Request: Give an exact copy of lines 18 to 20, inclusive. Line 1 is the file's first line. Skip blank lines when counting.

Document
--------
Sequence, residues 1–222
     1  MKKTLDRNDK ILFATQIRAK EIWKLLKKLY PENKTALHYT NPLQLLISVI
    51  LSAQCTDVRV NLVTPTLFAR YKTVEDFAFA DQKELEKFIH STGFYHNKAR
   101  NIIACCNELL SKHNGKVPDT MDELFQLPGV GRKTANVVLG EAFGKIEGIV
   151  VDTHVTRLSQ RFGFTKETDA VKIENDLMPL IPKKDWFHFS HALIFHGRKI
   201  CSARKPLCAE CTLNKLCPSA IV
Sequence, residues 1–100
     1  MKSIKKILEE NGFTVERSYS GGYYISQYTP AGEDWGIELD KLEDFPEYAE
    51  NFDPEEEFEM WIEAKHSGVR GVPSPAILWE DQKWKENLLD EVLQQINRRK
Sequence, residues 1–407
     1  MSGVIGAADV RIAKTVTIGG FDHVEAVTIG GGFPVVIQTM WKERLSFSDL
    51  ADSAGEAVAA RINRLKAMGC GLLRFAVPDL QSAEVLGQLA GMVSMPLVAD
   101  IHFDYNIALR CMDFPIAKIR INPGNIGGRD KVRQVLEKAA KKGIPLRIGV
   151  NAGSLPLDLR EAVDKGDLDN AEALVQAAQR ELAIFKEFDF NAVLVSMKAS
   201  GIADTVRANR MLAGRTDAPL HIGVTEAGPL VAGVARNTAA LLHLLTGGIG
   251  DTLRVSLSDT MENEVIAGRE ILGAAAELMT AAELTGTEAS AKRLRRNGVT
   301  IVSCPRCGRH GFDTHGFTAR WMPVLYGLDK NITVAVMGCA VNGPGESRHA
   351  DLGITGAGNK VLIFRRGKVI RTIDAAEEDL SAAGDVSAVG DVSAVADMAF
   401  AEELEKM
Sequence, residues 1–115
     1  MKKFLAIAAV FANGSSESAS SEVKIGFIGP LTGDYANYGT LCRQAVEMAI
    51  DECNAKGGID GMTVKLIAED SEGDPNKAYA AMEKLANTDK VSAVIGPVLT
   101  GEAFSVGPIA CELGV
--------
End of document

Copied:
   351  DLGITGAGNK VLIFRRGKVI RTIDAAEEDL SAAGDVSAVG DVSAVADMAF
   401  AEELEKM
Sequence, residues 1–115